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Human Nature and the Social Order
This work remains a pioneer sociological treatise on American culture. By understanding the individual not as the product of society but as its mirror image, Cooley concludes that the social order cannot be imposed from outside human nature but that it arises from the self. Cooley stimulated pedagogical inquiry into the dynamics of society with the publication of Human Nat ...more
Paperback, 480 pages
Published January 30th 1983 by Routledge
(first published January 1st 1983)
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Fascinating thoughts on the degree to which human minds don't really exist as separate silos but rather interpenetrate each other and rely on each other for their own existence. Enjoyable to the extent to which you can ignore the fact that he thinks adult white males are the only beings with full minds (pub. 1902). ...more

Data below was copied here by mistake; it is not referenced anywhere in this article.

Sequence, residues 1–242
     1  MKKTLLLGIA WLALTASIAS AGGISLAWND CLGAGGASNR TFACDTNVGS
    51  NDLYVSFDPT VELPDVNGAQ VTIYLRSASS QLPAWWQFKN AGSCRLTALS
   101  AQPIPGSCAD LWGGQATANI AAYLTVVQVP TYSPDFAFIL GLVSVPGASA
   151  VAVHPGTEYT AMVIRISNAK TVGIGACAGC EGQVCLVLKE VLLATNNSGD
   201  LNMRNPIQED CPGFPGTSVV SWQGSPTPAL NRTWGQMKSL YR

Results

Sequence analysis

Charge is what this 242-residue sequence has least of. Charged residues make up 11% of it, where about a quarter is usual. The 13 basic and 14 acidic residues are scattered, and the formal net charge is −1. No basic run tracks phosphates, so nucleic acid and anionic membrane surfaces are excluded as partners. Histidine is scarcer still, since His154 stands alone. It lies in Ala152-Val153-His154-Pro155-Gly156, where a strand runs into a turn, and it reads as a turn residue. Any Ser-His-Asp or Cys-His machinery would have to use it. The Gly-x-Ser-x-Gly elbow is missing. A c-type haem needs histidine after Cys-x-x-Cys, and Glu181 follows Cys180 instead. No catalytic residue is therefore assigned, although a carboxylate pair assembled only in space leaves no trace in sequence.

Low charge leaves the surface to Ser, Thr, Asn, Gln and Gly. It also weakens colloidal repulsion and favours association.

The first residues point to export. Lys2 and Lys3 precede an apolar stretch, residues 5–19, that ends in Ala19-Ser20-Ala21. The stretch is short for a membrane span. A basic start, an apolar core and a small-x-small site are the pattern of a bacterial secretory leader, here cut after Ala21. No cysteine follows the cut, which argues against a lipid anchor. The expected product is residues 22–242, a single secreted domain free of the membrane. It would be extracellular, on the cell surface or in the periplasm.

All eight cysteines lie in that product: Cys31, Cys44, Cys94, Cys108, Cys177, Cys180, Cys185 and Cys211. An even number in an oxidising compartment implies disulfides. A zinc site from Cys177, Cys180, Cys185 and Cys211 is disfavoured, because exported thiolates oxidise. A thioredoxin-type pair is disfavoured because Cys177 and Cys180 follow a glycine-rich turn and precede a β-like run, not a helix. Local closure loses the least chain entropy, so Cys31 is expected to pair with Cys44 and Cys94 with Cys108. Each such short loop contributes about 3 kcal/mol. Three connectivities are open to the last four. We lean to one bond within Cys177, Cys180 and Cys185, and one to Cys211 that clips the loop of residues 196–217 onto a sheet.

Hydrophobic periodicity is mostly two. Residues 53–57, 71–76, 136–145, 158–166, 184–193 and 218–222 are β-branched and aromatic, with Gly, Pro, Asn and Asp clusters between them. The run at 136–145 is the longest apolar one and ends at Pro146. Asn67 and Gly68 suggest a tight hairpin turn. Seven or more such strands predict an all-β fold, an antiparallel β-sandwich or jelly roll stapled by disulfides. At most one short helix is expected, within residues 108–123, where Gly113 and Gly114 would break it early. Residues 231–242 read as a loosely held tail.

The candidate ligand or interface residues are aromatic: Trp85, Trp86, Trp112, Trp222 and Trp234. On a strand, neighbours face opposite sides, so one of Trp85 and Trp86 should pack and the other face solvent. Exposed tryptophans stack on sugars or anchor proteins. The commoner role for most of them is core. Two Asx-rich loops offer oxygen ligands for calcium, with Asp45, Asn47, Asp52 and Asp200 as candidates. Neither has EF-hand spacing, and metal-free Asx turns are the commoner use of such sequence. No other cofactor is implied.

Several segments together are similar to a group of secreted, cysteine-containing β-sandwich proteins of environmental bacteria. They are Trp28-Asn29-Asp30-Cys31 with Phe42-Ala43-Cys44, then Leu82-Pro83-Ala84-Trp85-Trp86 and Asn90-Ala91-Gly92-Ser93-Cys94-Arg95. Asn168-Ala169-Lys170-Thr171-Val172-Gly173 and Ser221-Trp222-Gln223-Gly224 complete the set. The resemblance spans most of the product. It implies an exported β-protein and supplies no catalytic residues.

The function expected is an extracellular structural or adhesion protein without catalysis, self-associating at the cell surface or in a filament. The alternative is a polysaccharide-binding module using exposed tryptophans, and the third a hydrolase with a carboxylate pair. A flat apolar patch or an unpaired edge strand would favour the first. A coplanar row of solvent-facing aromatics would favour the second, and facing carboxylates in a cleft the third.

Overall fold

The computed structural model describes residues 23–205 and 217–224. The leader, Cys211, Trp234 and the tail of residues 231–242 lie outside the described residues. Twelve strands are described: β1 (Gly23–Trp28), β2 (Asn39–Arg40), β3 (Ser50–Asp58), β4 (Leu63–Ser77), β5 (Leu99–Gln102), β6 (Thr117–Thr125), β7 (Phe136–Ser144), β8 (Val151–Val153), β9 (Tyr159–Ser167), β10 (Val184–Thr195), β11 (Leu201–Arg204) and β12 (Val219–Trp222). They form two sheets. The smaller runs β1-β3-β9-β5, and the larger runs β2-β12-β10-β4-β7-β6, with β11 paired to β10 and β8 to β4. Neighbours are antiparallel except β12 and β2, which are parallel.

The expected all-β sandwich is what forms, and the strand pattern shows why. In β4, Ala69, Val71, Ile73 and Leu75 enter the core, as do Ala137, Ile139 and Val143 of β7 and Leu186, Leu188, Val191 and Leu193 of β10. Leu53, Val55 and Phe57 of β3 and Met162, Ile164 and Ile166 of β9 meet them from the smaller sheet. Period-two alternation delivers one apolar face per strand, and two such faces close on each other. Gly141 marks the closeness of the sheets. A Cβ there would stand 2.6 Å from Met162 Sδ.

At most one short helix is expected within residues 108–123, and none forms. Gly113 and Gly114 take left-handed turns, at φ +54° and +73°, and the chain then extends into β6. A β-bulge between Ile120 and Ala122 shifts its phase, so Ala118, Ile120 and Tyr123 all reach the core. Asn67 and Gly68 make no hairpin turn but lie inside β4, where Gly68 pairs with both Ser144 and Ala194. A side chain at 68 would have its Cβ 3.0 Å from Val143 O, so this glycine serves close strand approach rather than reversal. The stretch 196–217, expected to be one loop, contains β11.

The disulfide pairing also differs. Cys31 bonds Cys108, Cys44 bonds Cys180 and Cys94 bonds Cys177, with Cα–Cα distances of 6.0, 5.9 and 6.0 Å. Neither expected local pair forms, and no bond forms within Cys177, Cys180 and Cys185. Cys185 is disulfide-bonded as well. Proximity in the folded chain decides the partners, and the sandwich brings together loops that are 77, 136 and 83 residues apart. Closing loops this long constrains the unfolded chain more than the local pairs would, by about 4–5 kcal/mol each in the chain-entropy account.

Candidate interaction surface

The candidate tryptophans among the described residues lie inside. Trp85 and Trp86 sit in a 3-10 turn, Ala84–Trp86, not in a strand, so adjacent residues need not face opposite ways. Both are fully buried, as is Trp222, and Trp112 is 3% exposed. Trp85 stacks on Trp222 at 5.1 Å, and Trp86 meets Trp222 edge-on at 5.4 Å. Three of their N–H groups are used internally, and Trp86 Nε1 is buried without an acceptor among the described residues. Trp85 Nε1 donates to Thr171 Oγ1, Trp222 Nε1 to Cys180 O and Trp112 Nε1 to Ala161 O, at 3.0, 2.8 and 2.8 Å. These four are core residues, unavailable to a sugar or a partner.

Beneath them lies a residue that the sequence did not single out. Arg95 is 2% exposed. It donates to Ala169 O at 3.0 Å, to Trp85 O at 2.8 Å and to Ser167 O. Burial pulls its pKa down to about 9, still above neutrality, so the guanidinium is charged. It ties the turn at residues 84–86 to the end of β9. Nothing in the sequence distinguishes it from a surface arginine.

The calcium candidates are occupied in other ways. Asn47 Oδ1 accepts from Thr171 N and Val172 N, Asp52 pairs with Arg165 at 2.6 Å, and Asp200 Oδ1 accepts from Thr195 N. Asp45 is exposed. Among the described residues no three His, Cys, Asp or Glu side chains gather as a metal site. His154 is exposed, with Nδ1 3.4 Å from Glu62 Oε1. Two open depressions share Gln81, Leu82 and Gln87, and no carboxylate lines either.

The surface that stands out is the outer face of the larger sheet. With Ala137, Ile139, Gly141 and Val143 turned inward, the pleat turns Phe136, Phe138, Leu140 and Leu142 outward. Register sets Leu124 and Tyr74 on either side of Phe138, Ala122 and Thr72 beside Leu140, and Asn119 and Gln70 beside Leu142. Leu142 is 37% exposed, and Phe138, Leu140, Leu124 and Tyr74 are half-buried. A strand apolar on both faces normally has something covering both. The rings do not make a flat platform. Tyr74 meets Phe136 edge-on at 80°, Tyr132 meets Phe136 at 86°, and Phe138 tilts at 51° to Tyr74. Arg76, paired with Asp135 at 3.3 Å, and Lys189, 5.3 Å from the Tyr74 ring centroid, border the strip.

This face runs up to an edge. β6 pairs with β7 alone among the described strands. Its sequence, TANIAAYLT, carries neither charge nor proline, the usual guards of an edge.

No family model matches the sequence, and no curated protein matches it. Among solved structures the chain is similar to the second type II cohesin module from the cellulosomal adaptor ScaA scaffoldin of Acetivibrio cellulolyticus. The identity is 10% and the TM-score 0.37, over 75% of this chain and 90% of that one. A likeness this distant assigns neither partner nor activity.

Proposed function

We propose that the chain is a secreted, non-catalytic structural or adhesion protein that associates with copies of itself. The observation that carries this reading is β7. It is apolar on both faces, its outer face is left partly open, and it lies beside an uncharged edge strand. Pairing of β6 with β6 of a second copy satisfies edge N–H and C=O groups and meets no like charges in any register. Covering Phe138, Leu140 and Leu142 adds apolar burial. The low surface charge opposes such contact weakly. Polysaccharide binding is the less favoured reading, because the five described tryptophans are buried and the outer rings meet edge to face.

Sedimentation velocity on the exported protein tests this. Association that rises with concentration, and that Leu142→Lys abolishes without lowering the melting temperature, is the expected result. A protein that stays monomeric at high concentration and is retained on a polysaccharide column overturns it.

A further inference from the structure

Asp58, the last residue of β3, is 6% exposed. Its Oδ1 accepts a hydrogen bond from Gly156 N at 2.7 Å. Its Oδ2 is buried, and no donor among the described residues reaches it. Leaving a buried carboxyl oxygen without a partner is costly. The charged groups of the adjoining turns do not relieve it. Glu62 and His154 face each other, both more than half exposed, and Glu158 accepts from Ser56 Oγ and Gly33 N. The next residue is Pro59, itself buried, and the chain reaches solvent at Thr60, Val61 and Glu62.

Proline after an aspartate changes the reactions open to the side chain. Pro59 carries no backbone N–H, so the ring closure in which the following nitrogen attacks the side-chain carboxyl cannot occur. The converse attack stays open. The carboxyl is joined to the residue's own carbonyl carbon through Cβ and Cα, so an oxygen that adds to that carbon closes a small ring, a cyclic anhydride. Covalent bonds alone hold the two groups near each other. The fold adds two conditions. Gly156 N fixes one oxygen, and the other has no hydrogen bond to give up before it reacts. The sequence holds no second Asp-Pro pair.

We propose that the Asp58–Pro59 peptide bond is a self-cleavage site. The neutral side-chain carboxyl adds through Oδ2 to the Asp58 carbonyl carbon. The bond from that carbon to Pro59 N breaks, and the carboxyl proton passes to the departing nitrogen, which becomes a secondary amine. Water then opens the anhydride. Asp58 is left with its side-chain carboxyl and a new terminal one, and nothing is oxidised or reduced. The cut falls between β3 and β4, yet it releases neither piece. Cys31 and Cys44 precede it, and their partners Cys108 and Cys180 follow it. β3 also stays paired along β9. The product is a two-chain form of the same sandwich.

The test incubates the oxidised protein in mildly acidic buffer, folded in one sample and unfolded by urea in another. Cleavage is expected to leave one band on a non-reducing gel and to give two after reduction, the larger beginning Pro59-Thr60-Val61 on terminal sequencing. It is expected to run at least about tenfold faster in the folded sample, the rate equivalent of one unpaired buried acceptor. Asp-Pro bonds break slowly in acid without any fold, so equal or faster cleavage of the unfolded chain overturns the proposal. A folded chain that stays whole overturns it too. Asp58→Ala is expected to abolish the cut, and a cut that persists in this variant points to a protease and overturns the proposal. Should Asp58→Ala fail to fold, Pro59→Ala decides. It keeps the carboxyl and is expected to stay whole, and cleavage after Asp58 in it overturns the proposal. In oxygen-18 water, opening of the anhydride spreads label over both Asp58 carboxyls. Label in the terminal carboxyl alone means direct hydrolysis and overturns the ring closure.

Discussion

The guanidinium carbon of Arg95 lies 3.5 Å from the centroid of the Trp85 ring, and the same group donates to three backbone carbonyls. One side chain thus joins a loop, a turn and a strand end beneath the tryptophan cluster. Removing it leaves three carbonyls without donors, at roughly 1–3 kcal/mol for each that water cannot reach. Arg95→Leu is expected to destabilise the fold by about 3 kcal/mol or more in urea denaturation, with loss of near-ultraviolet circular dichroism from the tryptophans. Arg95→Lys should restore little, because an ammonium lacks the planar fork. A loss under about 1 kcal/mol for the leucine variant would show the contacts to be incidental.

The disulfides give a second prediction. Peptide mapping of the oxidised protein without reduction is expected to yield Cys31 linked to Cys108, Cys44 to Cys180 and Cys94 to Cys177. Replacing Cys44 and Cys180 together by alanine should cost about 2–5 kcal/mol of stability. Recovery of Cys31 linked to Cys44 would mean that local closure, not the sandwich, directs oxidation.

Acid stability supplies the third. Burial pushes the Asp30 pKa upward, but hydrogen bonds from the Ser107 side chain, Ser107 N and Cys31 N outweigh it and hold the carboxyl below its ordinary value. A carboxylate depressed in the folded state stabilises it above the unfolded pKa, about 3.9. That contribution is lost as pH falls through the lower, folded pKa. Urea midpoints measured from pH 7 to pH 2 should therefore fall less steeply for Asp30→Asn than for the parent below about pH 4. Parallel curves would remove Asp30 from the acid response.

“Every lover of books has authors whom he reads over and over again, whom he cares for as persons and not as sources of information, who are more to him, possibly, than any person he sees. He continually returns to the cherished companion and feeds eagerly upon his thought. It is because there is something in the book which he needs, which awakens and directs trains of thought that lead him where he likes to be led.”
“To many people it would seem mystical to say the persons, as we know them, are not separable and mutually exclusive, like physical bodies, so that what is part of one cannot be part of another, but that they interpenetrate one another, the same element pertaining to different persons at different times, or even at the same time: yet this is a verifiable and not very abstruse fact.”More quotes…